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New study reveals a surprising trend among those who claim to be financially savvy

False confidence is common when it comes to financial knowledge
Data indicates that the average Canadian consumer debt is around $8,500. Photo by: Loans Canada

Every single day, financial decisions impact millions of Canadians. And while it would be nice to know exactly what to do when addressing personal debt and finance, this isn’t always the case.

People don’t know what they don’t know

A recent Loans Canada study conducted with 1665 credit-constrained Canadians confirms the saying, people don’t know what they don’t know. Over 60 per cent of the 1665 survey subjects showed confidence in their financial knowledge, but when asked about their financial habits, their performance told a much different story.

Of those surveyed felt confident about their financial knowledge, they admittedly are not tracking their spending habits or paying their credit card bills in full every month.

Many of the respondents also are not saving regularly.

And the most surprising survey finding? Canadians who believe they are financially literate have more debt than people who claim their financial literacy is lacking.

Read all of’s findings here.

Why are Canadians in Debt?

Spending money is not a difficult task. Data indicates that the average Canadian consumer debt is close to $8,500, while approximately 12 per cent of Canadians have consumer debt over $25,000.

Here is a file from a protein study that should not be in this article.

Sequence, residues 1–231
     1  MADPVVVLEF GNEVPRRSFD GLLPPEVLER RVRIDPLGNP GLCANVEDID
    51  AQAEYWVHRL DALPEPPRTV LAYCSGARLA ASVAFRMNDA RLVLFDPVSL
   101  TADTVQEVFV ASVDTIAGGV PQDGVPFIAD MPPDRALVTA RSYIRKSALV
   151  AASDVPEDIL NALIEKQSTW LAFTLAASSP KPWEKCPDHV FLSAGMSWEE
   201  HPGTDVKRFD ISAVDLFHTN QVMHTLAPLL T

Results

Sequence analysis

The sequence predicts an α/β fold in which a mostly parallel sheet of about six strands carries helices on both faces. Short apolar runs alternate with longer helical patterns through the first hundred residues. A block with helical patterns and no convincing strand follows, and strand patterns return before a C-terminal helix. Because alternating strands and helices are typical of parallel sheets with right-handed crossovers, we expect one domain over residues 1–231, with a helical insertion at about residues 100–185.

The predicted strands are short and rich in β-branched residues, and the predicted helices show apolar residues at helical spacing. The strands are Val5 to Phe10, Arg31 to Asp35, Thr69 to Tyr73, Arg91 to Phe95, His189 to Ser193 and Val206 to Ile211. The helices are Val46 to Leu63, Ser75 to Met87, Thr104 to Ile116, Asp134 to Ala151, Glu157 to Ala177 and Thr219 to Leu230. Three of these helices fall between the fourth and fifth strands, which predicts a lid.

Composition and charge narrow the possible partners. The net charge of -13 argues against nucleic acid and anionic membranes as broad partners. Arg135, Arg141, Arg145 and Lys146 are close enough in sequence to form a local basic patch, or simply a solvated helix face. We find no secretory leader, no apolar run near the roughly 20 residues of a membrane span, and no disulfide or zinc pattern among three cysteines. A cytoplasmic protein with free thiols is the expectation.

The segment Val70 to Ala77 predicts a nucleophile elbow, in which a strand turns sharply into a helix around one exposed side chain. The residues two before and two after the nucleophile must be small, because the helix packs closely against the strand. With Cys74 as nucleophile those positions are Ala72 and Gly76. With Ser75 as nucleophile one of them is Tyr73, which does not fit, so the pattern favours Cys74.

Many Canadians, including those in Prince George, accumulate large debt due to bad spending habits combined with not tracking expenses or paying credit card bills in full each month.

Lacking basic financial literacy and management skills often leads to acquiring more debt and creates challenges for those looking to climb out of a personal financial crisis.

Almost half of credit-constrained Canadians have taken out multiple loans, with 44 per cent doing so just to make ends meet.

The effects of financial illiteracy and the consequences of debt

Prince George residents who lack financial knowledge may find themselves drowning in debt. Debt can lead to poor credit ratings and derailed savings plans, which makes it difficult to meet future goals or aspirations.

How can Canadians get a better grasp of debt problems?

Track all debts: A detailed debt list will make it easier to identify financial priorities and determine

the best strategy to reduce or eliminate debt.

Maintain a monthly budget: Outlining monthly financial obligations including car and mortgage payments, variable costs and debt repayment, is an important step towards financial well-being. Get creative, determine needs from wants, and find new ways to reduce spending.

Pay bills on time, pay in full (if possible): Many survey respondents believe that making the minimum credit card payment avoids interest charges. It doesn’t. Paying on time and in full helps avoid interest payments and potential credit score damage.

Lower the cost of debt: Putting money towards high-interest rate debts is a good idea. Refinancing or consolidating high-cost loans may lead to a lower payment.

Increasing knowledge around financial literacy helps to achieve financial wellness. Loans Canada warns that being confident about financial knowledge does not protect from the pitfalls of bad financial behaviours.

“Free financial literacy resources are accessible in Canada, thanks to both government and private institutions,” explains Loans Canada Chief Technology Officer, Cris Ravazzano. “For example, has a whole section dedicated to money and finances with great information that all Canadians can benefit from. And at Loans Canada we’re always creating educational content about credit building and debt saving strategies. I think more effort is required to increase awareness about these types of resources.”

Gaining and maintaining financial literacy is the foundation of good financial outcomes and greater financial health as a whole.

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